Comments in response to the notice and request for public comments on the second draft consolidated texts of the Free Trade Area of the Americas Agreement (FTAA), December 27, 2002. These comments address, in particular, the FTAA chapters on intellectual property rights and services.
Speaking on behalf of five of the nation's leading library organization—the American Association of Law Libraries, the American Library Association, the Association of Research Libraries, the Medical Library Association, and the Special Libraries Association—Prudence S. Adler, Associate Executive Director, ARL, voiced the opposition of the library community to the recently introduced "Database and Collections of Information Misappropriation Act" (H.R. 3261).
Library association letter endorsing the "Consumers, Schools and Libraries Digital Rights Management Awareness Act of 2003," S. 1621.
Letter from the Association of American Universities, the American Council on Education, and the National Association of State Universities and Land-Grant Colleges, concerning the database protection legislation discussion draft "Database and Collections of Information Misappropriations Act."
Comments from library associations on draft of "Database and Collections of Information Misappropriation Act."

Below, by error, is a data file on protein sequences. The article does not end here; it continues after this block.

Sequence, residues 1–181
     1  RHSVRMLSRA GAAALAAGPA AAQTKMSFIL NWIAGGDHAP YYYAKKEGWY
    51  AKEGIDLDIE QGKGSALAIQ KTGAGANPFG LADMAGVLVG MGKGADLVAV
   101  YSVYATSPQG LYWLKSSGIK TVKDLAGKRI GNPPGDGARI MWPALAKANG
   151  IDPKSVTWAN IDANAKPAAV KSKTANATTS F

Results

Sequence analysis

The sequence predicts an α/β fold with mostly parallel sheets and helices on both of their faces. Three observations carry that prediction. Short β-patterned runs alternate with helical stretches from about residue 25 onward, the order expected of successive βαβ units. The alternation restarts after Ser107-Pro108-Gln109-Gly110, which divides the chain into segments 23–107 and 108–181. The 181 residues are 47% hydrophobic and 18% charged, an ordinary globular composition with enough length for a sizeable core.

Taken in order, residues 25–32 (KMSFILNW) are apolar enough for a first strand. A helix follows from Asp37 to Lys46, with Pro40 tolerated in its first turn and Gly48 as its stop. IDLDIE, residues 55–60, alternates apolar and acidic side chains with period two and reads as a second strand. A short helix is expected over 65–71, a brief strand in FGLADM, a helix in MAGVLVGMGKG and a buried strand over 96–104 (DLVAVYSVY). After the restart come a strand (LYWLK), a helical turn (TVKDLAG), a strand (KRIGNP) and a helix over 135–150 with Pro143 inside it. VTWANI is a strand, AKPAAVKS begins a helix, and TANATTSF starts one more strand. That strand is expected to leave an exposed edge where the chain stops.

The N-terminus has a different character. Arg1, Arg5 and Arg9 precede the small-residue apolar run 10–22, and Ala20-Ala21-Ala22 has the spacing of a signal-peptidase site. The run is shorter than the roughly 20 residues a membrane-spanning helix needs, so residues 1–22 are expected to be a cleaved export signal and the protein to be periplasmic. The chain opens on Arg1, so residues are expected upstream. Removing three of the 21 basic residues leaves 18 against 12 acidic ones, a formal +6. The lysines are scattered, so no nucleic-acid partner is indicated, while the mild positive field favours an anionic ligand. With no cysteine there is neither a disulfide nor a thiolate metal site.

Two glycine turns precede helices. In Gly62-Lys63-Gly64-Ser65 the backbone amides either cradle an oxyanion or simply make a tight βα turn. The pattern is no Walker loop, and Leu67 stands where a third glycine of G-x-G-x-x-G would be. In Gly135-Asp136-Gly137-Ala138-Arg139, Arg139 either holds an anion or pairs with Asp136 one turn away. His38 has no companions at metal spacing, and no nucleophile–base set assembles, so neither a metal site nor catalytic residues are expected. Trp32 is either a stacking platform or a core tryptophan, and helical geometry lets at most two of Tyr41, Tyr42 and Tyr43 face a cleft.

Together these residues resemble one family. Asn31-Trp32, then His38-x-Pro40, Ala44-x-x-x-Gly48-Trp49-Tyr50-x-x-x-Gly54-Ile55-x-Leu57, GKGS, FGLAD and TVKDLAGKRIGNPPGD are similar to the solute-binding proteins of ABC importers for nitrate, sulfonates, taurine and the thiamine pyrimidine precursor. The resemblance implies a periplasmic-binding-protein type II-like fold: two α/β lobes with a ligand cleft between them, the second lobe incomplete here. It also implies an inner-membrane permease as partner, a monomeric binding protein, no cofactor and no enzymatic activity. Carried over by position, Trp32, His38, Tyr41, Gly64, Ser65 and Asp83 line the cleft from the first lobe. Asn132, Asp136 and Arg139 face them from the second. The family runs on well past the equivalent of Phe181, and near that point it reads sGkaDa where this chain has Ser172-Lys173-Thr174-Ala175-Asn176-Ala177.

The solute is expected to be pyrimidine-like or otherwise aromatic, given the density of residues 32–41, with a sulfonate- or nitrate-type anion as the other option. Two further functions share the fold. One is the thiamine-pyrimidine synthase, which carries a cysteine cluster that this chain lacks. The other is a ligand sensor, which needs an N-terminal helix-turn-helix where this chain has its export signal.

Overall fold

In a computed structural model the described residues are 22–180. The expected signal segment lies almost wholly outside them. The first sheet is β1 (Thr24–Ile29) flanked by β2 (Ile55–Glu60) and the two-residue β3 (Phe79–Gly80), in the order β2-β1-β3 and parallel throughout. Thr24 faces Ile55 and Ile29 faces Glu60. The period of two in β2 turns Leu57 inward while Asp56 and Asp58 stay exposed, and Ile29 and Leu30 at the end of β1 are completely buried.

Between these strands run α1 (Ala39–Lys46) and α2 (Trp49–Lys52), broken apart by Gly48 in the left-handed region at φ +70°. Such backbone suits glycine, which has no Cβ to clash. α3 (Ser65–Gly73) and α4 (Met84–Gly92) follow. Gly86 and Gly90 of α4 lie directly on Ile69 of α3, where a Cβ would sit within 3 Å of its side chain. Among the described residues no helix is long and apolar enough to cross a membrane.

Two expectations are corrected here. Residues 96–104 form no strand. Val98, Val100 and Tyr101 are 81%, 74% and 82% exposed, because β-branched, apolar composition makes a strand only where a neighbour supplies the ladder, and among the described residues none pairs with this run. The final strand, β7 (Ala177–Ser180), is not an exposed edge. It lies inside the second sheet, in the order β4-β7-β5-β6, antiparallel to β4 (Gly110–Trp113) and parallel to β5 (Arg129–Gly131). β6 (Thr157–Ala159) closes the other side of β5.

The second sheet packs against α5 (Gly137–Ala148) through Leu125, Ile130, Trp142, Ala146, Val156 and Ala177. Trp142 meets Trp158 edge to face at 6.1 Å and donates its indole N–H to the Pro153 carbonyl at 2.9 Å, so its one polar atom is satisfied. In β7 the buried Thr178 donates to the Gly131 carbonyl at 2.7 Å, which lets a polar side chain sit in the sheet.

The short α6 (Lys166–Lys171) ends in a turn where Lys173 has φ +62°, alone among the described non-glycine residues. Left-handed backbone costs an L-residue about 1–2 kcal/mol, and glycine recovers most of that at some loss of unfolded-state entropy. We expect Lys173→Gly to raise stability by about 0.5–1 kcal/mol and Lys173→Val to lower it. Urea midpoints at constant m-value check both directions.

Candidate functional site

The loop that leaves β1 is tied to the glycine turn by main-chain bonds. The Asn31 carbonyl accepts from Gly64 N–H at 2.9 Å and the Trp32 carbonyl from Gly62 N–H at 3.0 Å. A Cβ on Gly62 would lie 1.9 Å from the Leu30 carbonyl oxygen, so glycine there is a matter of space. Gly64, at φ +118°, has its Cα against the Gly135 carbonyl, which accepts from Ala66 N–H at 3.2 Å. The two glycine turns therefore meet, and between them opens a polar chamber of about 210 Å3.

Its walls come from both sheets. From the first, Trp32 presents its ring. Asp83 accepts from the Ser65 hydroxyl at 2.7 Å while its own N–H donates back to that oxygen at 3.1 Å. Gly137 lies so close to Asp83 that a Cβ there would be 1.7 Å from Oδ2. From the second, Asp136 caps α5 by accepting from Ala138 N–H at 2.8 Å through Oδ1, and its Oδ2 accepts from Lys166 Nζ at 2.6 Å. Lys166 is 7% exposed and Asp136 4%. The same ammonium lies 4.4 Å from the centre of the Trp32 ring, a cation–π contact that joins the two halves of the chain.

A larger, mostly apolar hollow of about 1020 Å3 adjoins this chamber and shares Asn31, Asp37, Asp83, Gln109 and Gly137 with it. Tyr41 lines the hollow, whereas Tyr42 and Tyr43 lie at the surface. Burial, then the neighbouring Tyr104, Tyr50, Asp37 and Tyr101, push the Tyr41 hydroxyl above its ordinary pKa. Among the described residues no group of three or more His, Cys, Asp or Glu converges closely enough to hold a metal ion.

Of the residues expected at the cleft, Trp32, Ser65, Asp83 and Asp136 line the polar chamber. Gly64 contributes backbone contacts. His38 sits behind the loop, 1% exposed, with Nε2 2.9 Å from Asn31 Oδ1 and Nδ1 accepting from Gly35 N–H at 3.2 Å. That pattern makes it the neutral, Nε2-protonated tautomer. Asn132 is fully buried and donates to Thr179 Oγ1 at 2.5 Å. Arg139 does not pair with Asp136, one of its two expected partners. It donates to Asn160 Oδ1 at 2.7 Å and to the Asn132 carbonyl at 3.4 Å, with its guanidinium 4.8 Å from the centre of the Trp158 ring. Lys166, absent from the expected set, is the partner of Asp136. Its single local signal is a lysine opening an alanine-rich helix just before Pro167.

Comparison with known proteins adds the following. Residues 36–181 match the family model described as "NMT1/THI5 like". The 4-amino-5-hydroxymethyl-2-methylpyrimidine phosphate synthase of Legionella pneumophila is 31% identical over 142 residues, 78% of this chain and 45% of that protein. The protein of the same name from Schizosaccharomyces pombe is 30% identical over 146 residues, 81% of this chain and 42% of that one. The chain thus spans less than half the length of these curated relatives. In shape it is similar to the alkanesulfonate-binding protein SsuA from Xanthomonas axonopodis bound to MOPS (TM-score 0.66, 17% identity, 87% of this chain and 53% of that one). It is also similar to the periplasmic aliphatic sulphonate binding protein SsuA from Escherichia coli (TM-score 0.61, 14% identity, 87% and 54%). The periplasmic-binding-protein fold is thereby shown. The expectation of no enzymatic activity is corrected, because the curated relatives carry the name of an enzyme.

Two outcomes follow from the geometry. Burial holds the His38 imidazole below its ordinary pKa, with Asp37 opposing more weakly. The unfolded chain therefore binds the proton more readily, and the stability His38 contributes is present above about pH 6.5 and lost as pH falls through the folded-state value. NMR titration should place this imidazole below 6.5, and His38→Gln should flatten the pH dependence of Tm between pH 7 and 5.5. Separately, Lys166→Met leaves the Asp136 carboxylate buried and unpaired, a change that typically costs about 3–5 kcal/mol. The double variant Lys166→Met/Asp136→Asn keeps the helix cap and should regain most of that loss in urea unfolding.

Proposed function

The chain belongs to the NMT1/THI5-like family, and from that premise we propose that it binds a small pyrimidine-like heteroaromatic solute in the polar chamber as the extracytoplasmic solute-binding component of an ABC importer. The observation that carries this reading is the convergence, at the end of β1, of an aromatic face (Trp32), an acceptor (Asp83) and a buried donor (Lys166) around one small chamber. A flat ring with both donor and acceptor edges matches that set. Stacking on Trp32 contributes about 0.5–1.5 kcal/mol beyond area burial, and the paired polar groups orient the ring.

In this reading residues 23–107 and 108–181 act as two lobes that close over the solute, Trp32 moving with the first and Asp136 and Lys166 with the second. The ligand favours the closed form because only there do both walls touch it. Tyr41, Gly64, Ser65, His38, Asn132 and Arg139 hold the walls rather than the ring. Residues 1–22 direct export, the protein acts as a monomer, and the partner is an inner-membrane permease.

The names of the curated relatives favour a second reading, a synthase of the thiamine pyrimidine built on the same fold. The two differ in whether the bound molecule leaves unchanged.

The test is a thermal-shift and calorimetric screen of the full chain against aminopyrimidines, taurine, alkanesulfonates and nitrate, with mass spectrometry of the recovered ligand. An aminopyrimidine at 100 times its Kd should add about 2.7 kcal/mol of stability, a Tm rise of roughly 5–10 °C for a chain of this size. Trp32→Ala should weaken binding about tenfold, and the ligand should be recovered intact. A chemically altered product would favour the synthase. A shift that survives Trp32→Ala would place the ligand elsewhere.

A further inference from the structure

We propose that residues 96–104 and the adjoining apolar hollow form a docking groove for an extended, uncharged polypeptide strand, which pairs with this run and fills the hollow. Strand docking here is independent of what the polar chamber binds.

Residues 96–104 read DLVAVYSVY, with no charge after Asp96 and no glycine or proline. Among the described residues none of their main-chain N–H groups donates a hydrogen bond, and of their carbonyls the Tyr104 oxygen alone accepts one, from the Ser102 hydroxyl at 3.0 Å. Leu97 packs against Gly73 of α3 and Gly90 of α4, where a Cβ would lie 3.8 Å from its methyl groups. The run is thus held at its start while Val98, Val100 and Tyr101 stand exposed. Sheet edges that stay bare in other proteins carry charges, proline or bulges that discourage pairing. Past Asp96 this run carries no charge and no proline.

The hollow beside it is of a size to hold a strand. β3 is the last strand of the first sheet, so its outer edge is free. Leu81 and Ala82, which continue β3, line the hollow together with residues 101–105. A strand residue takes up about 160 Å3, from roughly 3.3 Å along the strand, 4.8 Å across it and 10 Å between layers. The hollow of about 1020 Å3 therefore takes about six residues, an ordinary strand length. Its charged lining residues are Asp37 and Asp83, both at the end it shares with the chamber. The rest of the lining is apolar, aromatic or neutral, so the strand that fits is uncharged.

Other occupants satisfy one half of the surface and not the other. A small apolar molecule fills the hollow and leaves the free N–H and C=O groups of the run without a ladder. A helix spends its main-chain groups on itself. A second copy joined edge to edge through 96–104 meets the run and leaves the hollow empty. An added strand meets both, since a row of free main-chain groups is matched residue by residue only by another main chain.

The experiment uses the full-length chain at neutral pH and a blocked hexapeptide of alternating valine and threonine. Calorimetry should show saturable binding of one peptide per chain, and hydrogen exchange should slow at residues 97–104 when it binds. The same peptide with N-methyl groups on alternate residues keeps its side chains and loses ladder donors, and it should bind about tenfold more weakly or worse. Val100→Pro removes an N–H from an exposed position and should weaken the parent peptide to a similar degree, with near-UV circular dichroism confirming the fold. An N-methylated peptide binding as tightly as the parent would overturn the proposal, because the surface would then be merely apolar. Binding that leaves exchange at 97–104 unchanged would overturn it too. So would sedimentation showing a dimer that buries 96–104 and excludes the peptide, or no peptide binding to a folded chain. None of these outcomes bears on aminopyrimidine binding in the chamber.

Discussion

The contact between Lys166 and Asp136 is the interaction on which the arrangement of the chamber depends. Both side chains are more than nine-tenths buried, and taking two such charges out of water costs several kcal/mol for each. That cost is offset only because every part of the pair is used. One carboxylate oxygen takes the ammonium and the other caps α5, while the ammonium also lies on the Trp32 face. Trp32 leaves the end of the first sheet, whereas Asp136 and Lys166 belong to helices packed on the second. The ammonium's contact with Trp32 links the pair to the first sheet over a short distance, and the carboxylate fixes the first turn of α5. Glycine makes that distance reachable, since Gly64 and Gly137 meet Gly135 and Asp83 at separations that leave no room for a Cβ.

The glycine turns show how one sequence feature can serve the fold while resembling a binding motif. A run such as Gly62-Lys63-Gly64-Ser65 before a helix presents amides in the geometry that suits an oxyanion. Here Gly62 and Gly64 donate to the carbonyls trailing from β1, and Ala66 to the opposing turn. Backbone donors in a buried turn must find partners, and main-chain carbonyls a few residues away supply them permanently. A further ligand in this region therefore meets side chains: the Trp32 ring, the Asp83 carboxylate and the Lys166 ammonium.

Letter from interested organizations urging the Department of Homeland Security to give the public an opportunity to comment on procedures that are being developed that may restrict the public dissemination of "homeland security information," including information that is "sensitive but unclassified."
Letter from library associations expressing concern with certain provisions of H.R. 2517, the "Piracy Deterrence and Education Act of 2003."
Letter from interested organizations urging Speaker of the House J. Dennis Hastert to ensure that the House of Representative follows normal parliamentary procedures when it takes up any new antiterrorism legislation.
Statement from the ACLU regarding the The USA PATRIOT Act, passed by Congress shortly after September 11, 2001.
Letter from public interest organizations expressing opposition to the Domestic Security Enhancement Act (DSEA).
Letter from the ACLU regarding the "Patriot Act II."
Letter from higher education and library associations to the US Patent and Trademark Office.
Reply Comments of Library Associations following public hearings.
Letter from the Attorney General responding to questions about the USA PATRIOT Act.
In August 2001, the United States Copyright Office missed an opportunity. Under the broad mandate of Section 104 of the Digital Millennium Copyright Act of 1998, it had been open to the Office to inquire widely and reflect deeply on the effects of that legislation and "the development of electronic commerce and associated technology" on some of the basic structural features of the Copyright Act.
Matrix describing changes to search and seizure of electronic information due to the PATRIOT Act.
Analysis of the Uniting and Strengthening America by Providing Appropriate Tools Required to Intercept and Obstruct Terrorism (USA PATRIOT) Act, Public Law 107-56, part of the Congressional response to September 11.